4. Expense. In the US many sub doctors do not accept payment by insurance companies. Depending on the doctor, the out of pocket expenses can be very high. Plus the medication itself can be very high.

5. Readiness/Preparedness. There are a number of addicts on this forum who have stopped taking suboxone and deal with their addiction in other ways. The people who are successful at stopping suboxone may have a few slips along the way, if not full-blown relapses. But they keep working on their recovery and use those lapses as learning experiences. The people who are successful have worked on their recovery. They have made changes in their lives that decrease the chance of relapse. They have left behind the people who are a hindrance to their recovery. They have often had therapy and lots of it to learn to deal with the emotional situations that drove them to abuse drugs in the first place. The people who succeed at stopping suboxone have support systems in place to ensure that they have folks to call on for help.

I'm sure I'm missing some factors, but here is what I want you to know about your girlfriend. She is to be commended for making the decision to get on suboxone. Her addiction will never go away. If she is not on suboxone she will be vulnerable to relapse. If she goes off sub she will have to find a mind-consuming way to treat her addiction and prevent relapse. This might mean that she would have to go to meetings once or twice a day. She might have to throw herself into step work or some other kind of work. This will typically mean a change in your relationship with her, less time for you, etc.

I believe her depression might be related to the post partum period. You can't be too understanding during this time. Typically, if a person suffers from depression suboxone will help with that. There is an opiate component to suboxone which tends to enhance mood, not depress it. In fact, there seems to be a small percentage of depression sufferers for whom suboxone treats their depression. Try to make sure that your girlfriend is getting plenty of support from family, friends, and professionals. People who are in the midst of depression are unable to just "snap out of it". Typically they need help to do that.

I wish you and your girlfriend well. If you think she could benefit from this forum please direct her here. There are a few new moms here who might be able to help.

Cheers,
Amy

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PostPosted: Sun Jul 13, 2014 8:13 pm 
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All I can add to Amy's well thought out, and very thorough explanation of Suboxone treatment and the issues surrounding it is my welcome to the forum also. That's why she's a moderator! keep on posting and asking questions :-) hope your girlfriend will join in also. it's done wonders for my recovery. I'm going on nine months on buprenorphine treatment combined with therapy and this forum and couldn't be better!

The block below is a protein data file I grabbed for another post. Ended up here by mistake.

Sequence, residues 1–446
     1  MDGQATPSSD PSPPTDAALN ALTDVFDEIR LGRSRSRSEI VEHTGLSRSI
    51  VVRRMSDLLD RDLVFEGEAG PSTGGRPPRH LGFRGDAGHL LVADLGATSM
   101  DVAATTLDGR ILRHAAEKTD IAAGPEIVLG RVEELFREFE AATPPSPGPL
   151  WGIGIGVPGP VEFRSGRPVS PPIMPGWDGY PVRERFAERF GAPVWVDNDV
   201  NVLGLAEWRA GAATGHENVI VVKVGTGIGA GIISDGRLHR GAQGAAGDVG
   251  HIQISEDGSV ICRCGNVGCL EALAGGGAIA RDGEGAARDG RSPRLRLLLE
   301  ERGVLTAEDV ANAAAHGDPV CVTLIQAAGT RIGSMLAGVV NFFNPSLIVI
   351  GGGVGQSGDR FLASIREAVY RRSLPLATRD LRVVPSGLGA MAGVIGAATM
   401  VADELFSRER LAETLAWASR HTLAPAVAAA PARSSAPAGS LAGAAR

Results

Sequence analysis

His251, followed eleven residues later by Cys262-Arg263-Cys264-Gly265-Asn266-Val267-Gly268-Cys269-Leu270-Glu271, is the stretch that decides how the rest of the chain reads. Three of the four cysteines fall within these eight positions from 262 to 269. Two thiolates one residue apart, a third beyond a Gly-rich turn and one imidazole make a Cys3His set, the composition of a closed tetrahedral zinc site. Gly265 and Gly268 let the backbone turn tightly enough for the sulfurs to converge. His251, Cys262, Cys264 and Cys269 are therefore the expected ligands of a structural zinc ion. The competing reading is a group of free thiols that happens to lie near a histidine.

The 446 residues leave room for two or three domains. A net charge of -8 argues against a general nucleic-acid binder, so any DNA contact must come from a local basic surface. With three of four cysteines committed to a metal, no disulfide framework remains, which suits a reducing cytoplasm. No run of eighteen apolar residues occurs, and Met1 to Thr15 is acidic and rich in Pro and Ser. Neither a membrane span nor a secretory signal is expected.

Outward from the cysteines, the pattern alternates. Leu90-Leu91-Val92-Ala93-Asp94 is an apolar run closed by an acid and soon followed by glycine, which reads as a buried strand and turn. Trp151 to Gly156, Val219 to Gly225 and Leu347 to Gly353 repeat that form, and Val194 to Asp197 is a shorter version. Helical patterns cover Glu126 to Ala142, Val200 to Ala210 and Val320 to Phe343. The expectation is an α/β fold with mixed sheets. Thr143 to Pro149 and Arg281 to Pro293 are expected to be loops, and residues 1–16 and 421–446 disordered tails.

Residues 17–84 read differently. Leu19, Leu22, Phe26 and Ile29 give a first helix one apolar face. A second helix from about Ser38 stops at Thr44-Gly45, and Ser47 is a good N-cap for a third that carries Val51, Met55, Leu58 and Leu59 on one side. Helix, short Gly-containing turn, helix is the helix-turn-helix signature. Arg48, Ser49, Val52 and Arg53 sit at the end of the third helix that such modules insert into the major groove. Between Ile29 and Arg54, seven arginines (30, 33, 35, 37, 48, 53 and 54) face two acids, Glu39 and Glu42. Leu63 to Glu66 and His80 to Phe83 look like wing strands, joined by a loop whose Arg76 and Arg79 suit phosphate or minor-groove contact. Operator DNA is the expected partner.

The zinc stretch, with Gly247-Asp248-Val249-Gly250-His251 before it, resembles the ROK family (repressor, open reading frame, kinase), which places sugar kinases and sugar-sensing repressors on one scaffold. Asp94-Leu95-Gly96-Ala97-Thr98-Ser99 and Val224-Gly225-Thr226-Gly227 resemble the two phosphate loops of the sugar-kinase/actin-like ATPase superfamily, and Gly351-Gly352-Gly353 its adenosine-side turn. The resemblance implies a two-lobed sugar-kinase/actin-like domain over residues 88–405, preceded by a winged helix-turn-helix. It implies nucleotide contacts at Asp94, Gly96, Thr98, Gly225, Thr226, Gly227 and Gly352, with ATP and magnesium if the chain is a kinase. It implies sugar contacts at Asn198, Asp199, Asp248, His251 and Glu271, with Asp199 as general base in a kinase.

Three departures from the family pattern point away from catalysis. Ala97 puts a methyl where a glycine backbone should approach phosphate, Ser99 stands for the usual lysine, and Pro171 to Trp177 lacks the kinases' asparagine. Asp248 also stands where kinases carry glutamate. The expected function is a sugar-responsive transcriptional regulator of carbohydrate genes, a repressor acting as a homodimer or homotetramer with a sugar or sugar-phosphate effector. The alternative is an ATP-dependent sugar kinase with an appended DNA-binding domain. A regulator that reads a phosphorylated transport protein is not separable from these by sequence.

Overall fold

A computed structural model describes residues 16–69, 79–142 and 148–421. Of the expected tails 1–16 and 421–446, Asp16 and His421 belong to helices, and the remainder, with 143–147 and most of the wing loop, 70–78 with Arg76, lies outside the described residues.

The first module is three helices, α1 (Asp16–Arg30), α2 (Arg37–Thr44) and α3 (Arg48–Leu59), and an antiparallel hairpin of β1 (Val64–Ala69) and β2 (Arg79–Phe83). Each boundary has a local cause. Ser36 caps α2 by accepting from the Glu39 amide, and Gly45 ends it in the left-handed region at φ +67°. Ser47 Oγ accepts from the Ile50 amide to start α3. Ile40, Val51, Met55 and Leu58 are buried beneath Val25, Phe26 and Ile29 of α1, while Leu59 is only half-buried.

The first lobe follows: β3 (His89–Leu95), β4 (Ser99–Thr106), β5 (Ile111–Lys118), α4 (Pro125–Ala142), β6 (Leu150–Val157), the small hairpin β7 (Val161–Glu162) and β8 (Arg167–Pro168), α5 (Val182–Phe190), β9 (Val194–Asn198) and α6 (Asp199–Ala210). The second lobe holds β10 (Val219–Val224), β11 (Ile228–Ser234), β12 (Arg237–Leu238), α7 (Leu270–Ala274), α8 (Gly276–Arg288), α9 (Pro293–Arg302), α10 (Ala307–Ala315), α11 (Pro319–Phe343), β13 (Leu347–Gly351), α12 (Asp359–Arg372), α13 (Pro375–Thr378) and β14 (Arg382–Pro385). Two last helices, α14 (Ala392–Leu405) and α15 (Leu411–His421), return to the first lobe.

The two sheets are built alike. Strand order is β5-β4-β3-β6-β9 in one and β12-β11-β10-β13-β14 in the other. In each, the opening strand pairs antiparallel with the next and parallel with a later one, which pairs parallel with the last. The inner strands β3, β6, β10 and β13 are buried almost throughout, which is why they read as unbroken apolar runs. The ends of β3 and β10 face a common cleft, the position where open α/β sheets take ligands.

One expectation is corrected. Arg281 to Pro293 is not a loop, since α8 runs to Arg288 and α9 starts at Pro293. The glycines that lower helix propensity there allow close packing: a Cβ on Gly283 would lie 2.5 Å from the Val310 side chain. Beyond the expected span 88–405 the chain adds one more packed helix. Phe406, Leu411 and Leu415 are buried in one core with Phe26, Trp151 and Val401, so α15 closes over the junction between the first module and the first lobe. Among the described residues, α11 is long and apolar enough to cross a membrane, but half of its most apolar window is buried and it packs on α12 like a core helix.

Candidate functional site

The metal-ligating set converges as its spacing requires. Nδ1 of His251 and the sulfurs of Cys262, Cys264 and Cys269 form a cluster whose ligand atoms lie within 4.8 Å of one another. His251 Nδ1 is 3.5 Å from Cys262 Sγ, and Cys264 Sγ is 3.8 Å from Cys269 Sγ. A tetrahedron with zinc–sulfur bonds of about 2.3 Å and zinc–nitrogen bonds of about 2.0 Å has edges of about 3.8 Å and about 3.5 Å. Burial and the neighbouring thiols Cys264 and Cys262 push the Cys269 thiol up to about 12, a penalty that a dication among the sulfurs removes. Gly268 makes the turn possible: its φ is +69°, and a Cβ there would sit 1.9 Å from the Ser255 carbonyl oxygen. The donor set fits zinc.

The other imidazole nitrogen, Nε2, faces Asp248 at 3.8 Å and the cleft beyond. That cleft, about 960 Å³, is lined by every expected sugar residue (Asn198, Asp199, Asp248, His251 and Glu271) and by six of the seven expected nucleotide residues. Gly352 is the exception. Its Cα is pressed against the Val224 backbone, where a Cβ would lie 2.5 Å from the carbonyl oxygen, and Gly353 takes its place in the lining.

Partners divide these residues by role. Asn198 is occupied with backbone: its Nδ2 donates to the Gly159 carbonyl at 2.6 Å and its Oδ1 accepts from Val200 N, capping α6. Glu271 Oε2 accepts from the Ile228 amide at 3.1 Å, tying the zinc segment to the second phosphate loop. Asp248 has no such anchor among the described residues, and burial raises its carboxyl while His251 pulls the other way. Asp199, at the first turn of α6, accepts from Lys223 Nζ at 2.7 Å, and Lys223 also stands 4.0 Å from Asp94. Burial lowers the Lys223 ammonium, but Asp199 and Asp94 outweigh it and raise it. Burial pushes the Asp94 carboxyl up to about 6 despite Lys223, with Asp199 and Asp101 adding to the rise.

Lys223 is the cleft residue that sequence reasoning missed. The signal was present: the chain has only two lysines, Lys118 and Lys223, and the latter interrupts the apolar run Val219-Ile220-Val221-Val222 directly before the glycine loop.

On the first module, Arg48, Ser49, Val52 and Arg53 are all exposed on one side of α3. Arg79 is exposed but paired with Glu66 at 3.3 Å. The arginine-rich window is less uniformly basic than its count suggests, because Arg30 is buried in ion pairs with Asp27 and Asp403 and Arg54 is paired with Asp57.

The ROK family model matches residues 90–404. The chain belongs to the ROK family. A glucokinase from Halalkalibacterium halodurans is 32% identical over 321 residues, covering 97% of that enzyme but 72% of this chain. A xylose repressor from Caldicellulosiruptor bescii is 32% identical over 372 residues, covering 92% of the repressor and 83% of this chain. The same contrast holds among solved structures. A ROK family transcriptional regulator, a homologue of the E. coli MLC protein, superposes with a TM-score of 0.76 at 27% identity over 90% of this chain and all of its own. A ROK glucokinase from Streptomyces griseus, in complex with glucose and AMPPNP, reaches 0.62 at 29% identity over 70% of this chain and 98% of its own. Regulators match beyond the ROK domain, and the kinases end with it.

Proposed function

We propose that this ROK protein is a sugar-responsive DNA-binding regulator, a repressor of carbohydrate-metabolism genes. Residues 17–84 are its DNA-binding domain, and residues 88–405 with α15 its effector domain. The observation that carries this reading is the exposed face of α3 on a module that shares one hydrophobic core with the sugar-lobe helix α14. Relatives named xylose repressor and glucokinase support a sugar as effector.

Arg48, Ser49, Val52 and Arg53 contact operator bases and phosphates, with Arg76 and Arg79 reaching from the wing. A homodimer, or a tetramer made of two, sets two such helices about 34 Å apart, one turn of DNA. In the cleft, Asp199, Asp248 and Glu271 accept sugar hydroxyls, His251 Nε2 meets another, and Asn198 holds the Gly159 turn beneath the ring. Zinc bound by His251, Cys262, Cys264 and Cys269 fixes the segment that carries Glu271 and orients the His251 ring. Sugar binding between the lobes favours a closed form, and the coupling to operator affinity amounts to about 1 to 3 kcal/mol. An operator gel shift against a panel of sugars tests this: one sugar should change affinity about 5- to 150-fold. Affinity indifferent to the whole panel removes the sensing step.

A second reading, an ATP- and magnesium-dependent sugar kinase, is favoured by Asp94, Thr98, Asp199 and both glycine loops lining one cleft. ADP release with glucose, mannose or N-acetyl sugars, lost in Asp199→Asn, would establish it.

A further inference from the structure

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PostPosted: Mon Jul 14, 2014 3:50 am 
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Thank you very much everyone!

"Most people who are ashamed about being on suboxone are actually ashamed of being addicts and having to rely on a medication to stay well. Because there is still a societal stigma against being an addicted to a substance, addicts have a tendency to be defensive about their addiction"

-this describes my girlfriends stance perfectly

I also have a "colorful" drug history and me and her met while recovering and decided to recover together and it has worked amazingly.

The part about the depression is what I wanted to hear because she is an amazing mom and has really good support behind her. I don't think she is "depressed" per say, but 9 months of pregnancy is hard, as is giving birth and not to mention the 2-5 hours of sleep we get on a good night. So I would say shes as "depressed/high anxiety" as can be expected. I was just worried the sub could be making it worse.

My next question would have to be. Is it ok for me to pressure her to try to make moves towards getting off?

I want to stress I have no problem with it I just want to help and be a part of everything. Also I have so much faith in her and know she could do it 150% no doubt guarantee. She on the other hand acts like, if she ever quits sub she will be back on the streets within the week.


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PostPosted: Wed Jul 16, 2014 8:30 am 
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Please, please, please, please don't pressure your girlfriend to get off sub! Only people who make the decision for themselves and are very sure of their decision are successful in going off sub. She is not just saying that she would be back on the streets without it for effect! If you're not an opiate addict you can't imagine the obsession to use that goes with it. She is not just blowing smoke.

On some level she knows that you would prefer for her to be off sub. That is why she is a little bit defensive with you and everyone else. If you really want to be supportive of your girl don't bring up the idea of tapering.

Amy